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Thursday, July 31, 2008


Just about 1 mile down the dirt road from The Pines is a squatter camp known as #7. This camp houses about 250 people in 49 tin shacks. Alcoholism is a large problem affecting the people that live here. While they have no amenities that modern civilization would enjoy, such as running running water, sewer, electricity, or trash services, they do enjoy bi-weekly delivery by the beer truck.
One of our children, Kesetseng (pictured top left) comes from this village. A pair of sisters, Kara & Kathryn Bailey were here on short term missions work. While here, they ministered to this village, and during their visits, they became concerned about the welfare of Kesetseng and her 1 year old sister. The mother was constantly inebriated and was neglecting the two girls.
Typically, all our children come to us through the Social Development Dept., however, the situation became so severe that we had to take the two girls and notify a social worker ourselves.
When we told the social worker, she was surprised that there was anyone living in the #7 area at all. They didn’t even know the village existed.
We have had Kesetseng since March, and we just took her sister in as well. She had been living at a facility that specializes in caring for neglected infants. It is unclear at this point how long we will be allowed to keep the girls. The social worker is supposed to be working with the mother to ensure she is equipped and able to take the girls back, but due to the living conditions and the mother’s alcohol abuse, we are not sure the timeframe involved.
As we continue to attempt to reach this village with the message of God’s love and grace, we try to show them as well. Recently, we had to remove some dead trees from The Pines property. We loaded up the trailer with wood and with our kids and drove back to #7.
After everyone gathered to the center of the village to get the firewood, we used the opportunity to share the Gospel. POG Team 6 was able to do the drama, and afterward I explained the message of eternal life while one of our girls, Rafiloe, interpreted.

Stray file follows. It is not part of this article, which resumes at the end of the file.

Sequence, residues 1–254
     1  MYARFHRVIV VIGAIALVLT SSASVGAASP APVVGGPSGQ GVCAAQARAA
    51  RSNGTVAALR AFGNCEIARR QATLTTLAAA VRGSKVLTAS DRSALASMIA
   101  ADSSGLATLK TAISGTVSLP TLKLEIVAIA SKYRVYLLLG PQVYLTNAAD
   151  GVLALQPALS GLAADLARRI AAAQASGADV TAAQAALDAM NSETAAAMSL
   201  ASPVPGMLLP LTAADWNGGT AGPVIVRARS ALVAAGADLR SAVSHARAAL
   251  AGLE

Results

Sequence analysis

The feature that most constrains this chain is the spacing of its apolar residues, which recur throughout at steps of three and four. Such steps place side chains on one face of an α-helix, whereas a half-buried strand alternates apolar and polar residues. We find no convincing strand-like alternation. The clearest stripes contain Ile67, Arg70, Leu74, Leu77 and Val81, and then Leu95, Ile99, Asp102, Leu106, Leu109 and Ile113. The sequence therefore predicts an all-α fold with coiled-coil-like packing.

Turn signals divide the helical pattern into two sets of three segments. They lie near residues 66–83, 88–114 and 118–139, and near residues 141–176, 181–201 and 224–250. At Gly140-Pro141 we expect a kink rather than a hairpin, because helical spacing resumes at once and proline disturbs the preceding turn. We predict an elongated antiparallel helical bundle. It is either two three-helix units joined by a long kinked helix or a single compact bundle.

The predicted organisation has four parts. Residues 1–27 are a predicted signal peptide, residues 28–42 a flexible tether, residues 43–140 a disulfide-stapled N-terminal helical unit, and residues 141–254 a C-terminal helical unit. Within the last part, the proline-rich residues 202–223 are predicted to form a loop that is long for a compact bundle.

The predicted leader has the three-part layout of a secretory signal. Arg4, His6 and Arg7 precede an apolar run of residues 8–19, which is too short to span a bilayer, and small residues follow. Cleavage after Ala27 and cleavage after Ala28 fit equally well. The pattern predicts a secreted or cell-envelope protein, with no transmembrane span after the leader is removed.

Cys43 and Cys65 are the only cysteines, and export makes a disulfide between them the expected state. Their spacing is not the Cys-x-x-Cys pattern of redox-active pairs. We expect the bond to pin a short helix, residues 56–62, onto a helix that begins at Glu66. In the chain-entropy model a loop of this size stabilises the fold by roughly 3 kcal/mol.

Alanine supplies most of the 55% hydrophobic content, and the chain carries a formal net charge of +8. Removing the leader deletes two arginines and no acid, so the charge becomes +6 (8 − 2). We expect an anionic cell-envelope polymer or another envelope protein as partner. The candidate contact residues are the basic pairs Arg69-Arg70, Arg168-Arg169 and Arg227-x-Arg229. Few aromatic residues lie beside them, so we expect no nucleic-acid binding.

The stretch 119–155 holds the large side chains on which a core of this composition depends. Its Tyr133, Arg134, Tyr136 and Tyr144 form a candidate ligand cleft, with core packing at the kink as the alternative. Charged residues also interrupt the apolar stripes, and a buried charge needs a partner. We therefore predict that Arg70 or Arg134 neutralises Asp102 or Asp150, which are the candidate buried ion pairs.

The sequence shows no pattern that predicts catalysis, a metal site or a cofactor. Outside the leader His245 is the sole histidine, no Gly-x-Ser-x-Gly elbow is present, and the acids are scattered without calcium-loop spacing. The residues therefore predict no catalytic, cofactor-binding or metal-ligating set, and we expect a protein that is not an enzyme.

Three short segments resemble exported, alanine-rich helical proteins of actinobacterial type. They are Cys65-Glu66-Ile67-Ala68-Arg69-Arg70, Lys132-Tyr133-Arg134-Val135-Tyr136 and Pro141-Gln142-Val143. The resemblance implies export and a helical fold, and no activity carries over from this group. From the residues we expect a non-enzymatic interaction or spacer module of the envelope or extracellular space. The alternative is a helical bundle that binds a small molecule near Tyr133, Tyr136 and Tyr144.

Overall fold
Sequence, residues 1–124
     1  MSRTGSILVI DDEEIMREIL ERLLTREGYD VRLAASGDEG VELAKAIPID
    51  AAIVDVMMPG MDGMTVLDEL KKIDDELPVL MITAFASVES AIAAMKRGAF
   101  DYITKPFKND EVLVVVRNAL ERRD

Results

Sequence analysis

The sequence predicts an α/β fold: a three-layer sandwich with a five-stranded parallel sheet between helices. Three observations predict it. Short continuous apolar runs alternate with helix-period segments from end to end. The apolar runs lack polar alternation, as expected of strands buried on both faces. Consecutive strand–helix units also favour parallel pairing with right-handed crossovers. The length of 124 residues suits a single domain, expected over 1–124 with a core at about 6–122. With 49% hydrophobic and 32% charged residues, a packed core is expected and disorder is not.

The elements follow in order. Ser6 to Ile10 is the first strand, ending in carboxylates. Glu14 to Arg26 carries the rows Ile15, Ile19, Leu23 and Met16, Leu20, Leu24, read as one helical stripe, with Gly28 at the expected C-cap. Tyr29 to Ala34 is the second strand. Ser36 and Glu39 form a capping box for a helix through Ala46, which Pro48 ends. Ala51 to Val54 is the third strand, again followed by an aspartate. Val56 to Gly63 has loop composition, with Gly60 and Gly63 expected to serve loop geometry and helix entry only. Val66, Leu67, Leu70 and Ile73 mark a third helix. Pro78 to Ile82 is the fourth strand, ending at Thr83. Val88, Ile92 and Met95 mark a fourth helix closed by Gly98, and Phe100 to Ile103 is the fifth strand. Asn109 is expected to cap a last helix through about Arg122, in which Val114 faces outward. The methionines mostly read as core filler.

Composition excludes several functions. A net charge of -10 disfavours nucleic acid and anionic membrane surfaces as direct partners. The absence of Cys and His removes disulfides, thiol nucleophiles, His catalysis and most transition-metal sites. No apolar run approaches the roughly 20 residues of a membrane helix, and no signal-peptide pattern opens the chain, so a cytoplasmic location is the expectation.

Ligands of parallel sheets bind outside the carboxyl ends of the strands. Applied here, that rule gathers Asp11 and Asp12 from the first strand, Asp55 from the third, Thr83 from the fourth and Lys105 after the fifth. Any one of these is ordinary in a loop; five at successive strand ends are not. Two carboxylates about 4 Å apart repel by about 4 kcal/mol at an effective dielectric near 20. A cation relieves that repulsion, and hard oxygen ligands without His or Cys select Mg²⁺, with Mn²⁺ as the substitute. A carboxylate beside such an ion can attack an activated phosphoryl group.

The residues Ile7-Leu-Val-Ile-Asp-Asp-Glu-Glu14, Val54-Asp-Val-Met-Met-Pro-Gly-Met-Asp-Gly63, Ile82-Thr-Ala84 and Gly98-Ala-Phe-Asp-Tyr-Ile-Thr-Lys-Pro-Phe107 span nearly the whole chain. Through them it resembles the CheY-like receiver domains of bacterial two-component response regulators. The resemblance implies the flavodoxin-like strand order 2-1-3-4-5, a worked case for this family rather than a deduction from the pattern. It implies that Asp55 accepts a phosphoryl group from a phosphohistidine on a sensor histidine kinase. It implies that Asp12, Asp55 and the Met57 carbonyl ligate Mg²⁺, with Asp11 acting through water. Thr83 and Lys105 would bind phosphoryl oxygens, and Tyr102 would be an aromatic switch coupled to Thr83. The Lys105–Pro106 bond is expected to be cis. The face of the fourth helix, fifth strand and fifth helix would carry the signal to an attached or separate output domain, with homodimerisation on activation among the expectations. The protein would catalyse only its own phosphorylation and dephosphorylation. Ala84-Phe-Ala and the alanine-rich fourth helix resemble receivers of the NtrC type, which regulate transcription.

Several people said they understood the message, but at times like this, it is difficult to determine sincerity. We have learned the people here have an ability to tell you what you want to hear if they think it’s to their benefit. Pray that God will allow continued follow-up. He sees the heart and knows who believes in Him. Good works won’t earn Heaven, but they are a result of a changed heart that loves Him.

Missionary Story

The following story was related to me by Bob Schultz, a friend of ours who used to be a missionary in France. Apparently, the story in our last update of the outreach at the flea market jolted his memory. He's getting pretty old, so his memory needs to be jolted from time to time. The following is the unedited version of the story as he sent it to me:

"The first time I went to our twice weekly open market in La Garde, France and
the person in charge of collecting the fee for a stand (based on its size) saw me
there, he did not know how much to charge me (I was between the cabbage
vendor and the olive vendor). He said he would check with the (Communist) mayor
and collect from me four days later at the Friday open market. Friday came, as did
the fee collector. He got to my stand (stacked high with a tower of Bibles and an
open Bible for people to pick up and read for themselves) and just walked right
past. I ran to catch up with him and said, "Wait, you didn't collect a fee from me."
He replied that the Mayor had said not to charge me anything. The following